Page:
If you are thinking about shipping a container of goods to Ecuador, first and foremost it’s a good idea to understand what you are NOT allowed to bring with you.
1. Firearms, explosives or munitions of any kind – it will be considered contraband and could lead to a jail sentence.
2. No motorized vehicles, cars, motorcycles, scooters, golf carts, jet skis, etc.
3. No more than 10 bottles of liquor
4. No regular filament lightbulbs
5. No cash, gold or silver bars, etc. – all of this must be brought in through the proper channels
6. Food stuffs – you can pack your leftovers (what would normally constitute the contents of a pantry) but you can’t bring 40 cases of baked beans, for example.
Everything in your home is considered used for the purpose of customs, so you are allowed to bring all of your items with you, other than those listed above. If you consider it room by room – you can bring all of your kitchen appliances – both large and small, washer and dryer, furniture, rugs, art, décor, and tools that can be proven are for personal use only, including solar panels, small hydro electric generators, table saws, etc. You are allowed up to 440 pounds of clothing per person – which includes shoes and hats. You are also allowed to bring one TV per person living in your home.
While Paul can help you with 99% of the process, the part that is up to you, and is the most important task, is providing a detailed inventory for every box in the container. Unlike U-Haul, where you load a box and put it on the truck marked kitchen, in an overseas shipment you must have a detailed manifest of everything in the container. Each box, piece of furniture, rug, or loose item must be numbered, and the contents listed appropriately.
EXAMPLE: Let’s say you are packing your kitchen – Box 1 might have your dishes in it so you would put on the manifest: BOX 1 – Place setting for 12 (48 pieces) and 2 serving platters – not just “Dishes.” If it was your silverware, it might read - BOX 1: 50 pieces of flatware, 20 kitchen utensils. Clothing is similar – you pack Box 49 detail it on the manifest – BOX 49: 10 woman´s shirts, 7 men´s pants, 14 ties, and 6 woman´s sweaters – not just “clothes.” You get the gist – it’s better to list everything than be too vague and have issues going through customs.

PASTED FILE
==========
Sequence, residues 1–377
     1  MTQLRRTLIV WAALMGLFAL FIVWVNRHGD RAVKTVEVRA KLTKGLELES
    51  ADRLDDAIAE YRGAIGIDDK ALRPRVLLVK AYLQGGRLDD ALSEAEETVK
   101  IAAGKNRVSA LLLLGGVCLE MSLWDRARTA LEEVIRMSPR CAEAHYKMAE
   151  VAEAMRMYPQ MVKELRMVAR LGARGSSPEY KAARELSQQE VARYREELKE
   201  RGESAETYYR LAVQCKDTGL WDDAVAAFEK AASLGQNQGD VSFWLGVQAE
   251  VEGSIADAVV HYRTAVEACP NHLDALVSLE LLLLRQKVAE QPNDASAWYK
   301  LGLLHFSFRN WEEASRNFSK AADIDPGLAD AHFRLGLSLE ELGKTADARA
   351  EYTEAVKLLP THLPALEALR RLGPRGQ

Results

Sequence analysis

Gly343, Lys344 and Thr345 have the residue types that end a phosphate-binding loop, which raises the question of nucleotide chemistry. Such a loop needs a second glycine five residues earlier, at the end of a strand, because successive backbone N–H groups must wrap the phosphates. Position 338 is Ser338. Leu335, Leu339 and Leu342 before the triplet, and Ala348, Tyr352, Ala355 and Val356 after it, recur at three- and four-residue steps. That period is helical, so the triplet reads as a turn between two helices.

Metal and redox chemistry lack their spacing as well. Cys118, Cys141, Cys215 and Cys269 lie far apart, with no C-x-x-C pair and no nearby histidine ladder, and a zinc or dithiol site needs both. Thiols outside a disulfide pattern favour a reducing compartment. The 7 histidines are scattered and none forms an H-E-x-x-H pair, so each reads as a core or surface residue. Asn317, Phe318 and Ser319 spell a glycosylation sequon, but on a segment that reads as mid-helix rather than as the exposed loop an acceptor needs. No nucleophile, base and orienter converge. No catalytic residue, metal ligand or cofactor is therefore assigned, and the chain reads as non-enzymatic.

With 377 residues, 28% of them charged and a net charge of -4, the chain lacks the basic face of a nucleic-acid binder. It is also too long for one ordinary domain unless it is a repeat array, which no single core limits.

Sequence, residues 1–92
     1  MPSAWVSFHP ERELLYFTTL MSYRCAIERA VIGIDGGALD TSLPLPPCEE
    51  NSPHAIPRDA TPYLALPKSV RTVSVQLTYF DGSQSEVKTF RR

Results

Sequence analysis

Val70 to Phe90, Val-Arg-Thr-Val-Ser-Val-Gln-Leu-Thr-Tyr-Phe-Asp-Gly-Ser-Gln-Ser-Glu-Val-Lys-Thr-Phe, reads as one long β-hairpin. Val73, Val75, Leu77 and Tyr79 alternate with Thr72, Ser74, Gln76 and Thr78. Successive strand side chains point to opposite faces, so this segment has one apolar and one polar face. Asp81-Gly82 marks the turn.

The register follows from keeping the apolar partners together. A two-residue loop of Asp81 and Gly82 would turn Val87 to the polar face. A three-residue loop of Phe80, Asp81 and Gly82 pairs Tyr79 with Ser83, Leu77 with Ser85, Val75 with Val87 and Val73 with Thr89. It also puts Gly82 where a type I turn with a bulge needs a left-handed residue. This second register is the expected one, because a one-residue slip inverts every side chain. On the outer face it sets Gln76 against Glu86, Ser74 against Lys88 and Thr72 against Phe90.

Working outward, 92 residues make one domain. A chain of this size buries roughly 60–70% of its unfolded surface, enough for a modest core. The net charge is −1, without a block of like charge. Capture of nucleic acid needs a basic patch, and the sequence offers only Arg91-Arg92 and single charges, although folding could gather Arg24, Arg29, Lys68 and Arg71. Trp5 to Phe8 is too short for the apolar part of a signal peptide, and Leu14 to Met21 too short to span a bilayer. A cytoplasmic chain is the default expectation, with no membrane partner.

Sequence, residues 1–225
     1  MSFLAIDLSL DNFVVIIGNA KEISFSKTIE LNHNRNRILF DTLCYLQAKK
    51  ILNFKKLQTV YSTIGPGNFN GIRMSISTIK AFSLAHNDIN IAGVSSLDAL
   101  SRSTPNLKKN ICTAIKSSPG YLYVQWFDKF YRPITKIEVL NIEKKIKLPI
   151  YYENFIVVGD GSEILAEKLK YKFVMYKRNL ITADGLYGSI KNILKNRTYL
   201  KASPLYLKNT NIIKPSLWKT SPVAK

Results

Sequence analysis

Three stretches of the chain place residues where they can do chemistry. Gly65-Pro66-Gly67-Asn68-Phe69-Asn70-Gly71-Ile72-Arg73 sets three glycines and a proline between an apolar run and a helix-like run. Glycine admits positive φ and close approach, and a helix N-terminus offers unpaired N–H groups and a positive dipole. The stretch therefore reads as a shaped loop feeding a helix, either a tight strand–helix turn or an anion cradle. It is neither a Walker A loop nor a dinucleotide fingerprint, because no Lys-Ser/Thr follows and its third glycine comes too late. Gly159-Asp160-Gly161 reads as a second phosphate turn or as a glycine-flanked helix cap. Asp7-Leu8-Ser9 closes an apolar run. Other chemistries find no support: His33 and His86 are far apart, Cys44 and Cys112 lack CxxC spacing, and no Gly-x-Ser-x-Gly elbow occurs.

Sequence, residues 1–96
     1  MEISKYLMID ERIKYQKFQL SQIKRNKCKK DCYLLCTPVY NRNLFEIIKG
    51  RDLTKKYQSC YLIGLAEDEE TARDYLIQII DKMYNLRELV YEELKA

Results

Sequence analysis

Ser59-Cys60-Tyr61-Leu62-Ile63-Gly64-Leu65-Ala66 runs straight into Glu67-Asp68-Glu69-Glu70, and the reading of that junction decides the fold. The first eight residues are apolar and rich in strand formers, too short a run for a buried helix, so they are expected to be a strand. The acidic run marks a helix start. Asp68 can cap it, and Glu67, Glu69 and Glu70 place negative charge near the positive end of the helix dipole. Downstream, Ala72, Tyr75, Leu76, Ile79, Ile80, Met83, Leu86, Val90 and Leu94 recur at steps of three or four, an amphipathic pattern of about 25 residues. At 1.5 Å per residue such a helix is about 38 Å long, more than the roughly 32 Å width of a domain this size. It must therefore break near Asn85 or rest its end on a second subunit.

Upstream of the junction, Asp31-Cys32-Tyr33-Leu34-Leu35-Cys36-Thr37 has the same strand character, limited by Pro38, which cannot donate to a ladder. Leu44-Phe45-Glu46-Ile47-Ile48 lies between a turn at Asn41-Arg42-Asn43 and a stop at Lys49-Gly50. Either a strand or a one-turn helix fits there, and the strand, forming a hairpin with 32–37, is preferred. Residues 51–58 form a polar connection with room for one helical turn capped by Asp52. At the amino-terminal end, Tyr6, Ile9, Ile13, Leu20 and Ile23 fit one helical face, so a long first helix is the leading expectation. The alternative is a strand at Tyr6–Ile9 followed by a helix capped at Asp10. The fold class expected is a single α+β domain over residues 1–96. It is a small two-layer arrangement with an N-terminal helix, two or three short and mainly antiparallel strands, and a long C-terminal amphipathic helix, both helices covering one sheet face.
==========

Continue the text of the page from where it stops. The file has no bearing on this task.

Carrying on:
To assist in making this process as painless as possible, Relocation Services of Ecuador provides a detailed inventory spreadsheet that you can use.
Once you have finished packing, labeling and detailing everything on the manifest, the process is quite simple. The appropriate sized container is delivered to your home and you have four hours to load it with all your belongings, either personally or by hiring local movers to pack it for you. The container is then picked up and delivered to the closest US port, where it is x-rayed by US Customs and loaded on the ship.
Once the container arrives in Guayaquil, Paul or Nathaly personally travel to Guayaquil to open and inspect the contents. Customs requires a pathway be made through the container all the way to the back so that they can see everything inside. The boxes that are unloaded are opened and checked against the manifest to make sure there is nothing in them that was not declared. If they find anything that isn’t listed, they may demand to open every box, which may delay the delivery of your container and could cost you in fines and storage fees while it is sorted out.
Once the container has been processed and approved by customs, it is loaded on a trailer and delivered to your final destination, wherever that may be in Ecuador. Paul and Nathaly have delivered containers all over the country including Cuenca, Quito, Salinas, Vilcabamba, Cotacachi, Loja, Olon, Puerto Lopez, Puerto Cayo, Santa Marianita, Manta, Crucita, Jama and even the Amazon. They have a team on this end that will unload your container for you, a personal service that is included as part of the package.
Many people might think that shipping a container is too expensive and they look at replacing all of their household items once they get here, but check out the comparison chart above which shows the average cost of an appliance in the US vs. buying it new in Ecuador.
As you can see, just in the cost of replacing five major appliances, you could have brought a 20’ container to Ecuador with all of your belongings. Another consideration is that furniture made in Ecuador is made for Ecuadorian sized people, and can be uncomfortable for average Americans, unless you have it custom made which can be expensive.
Using a professional company that understands importing and knows the customs process will make your life a whole lot easier, and save you money in the long run. Once you have decided to ship your treasured belongings to Ecuador, put your mind at ease by hiring the company that has successfully shipped more containers than anyone else, Relocation Services of Ecuador.